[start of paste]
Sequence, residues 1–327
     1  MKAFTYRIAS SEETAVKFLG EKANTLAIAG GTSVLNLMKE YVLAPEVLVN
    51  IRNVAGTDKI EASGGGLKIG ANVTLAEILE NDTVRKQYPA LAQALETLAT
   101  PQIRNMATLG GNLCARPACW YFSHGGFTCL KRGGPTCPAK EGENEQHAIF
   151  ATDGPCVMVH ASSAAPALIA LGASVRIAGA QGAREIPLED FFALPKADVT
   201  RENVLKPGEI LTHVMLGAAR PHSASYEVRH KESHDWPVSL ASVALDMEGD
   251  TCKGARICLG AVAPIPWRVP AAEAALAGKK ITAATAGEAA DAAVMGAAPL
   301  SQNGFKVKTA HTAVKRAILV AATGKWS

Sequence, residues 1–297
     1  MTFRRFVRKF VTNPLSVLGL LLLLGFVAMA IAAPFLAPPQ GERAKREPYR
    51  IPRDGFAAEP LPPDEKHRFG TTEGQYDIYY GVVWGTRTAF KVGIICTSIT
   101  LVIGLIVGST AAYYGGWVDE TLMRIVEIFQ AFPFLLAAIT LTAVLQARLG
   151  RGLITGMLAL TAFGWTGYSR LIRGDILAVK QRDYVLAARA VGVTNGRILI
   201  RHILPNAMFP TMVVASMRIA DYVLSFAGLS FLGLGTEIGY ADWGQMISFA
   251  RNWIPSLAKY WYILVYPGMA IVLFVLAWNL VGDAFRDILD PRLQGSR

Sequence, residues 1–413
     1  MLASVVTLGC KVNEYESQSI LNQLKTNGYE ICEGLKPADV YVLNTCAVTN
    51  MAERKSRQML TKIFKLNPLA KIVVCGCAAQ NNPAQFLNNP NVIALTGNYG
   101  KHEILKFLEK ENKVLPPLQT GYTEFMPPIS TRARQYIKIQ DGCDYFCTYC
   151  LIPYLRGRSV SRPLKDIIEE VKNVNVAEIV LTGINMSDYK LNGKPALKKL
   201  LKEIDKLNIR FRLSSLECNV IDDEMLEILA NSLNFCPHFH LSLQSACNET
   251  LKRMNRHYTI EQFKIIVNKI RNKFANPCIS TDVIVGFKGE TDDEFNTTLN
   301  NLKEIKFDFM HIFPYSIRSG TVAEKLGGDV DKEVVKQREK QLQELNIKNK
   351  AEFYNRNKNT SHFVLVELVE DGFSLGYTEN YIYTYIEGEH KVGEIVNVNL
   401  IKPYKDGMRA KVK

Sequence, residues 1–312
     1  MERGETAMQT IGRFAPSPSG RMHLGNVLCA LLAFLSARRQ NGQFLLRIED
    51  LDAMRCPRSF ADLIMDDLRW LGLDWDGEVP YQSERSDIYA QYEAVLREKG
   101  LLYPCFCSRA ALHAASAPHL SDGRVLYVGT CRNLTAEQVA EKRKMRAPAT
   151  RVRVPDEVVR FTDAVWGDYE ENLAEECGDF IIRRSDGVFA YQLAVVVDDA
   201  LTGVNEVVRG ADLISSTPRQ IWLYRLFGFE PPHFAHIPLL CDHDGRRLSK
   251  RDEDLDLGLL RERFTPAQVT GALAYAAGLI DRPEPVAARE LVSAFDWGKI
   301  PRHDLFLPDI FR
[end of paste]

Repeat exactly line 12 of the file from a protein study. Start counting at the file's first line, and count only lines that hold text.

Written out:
   101  LVIGLIVGST AAYYGGWVDE TLMRIVEIFQ AFPFLLAAIT LTAVLQARLG